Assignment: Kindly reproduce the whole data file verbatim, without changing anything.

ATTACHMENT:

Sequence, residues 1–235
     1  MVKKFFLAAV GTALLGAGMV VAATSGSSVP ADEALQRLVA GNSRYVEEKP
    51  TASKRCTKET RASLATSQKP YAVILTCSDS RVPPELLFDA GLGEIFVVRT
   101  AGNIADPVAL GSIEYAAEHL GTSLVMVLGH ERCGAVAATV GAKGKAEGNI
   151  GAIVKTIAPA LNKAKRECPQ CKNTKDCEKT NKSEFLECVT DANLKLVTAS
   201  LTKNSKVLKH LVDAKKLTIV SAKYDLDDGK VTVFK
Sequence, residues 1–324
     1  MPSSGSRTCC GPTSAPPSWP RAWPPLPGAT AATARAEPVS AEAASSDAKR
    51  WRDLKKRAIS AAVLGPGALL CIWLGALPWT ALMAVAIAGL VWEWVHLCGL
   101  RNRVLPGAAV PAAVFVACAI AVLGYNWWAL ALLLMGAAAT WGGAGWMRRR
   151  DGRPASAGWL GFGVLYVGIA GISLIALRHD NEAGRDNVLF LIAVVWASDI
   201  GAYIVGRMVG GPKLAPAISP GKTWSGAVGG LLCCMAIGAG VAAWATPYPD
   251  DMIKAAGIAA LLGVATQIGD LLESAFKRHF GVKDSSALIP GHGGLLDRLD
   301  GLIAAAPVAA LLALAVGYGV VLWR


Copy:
Sequence, residues 1–235
     1  MVKKFFLAAV GTALLGAGMV VAATSGSSVP ADEALQRLVA GNSRYVEEKP
    51  TASKRCTKET RASLATSQKP YAVILTCSDS RVPPELLFDA GLGEIFVVRT
   101  AGNIADPVAL GSIEYAAEHL GTSLVMVLGH ERCGAVAATV GAKGKAEGNI
   151  GAIVKTIAPA LNKAKRECPQ CKNTKDCEKT NKSEFLECVT DANLKLVTAS
   201  LTKNSKVLKH LVDAKKLTIV SAKYDLDDGK VTVFK
Sequence, residues 1–324
     1  MPSSGSRTCC GPTSAPPSWP RAWPPLPGAT AATARAEPVS AEAASSDAKR
    51  WRDLKKRAIS AAVLGPGALL CIWLGALPWT ALMAVAIAGL VWEWVHLCGL
   101  RNRVLPGAAV PAAVFVACAI AVLGYNWWAL ALLLMGAAAT WGGAGWMRRR
   151  DGRPASAGWL GFGVLYVGIA GISLIALRHD NEAGRDNVLF LIAVVWASDI
   201  GAYIVGRMVG GPKLAPAISP GKTWSGAVGG LLCCMAIGAG VAAWATPYPD
   251  DMIKAAGIAA LLGVATQIGD LLESAFKRHF GVKDSSALIP GHGGLLDRLD
   301  GLIAAAPVAA LLALAVGYGV VLWR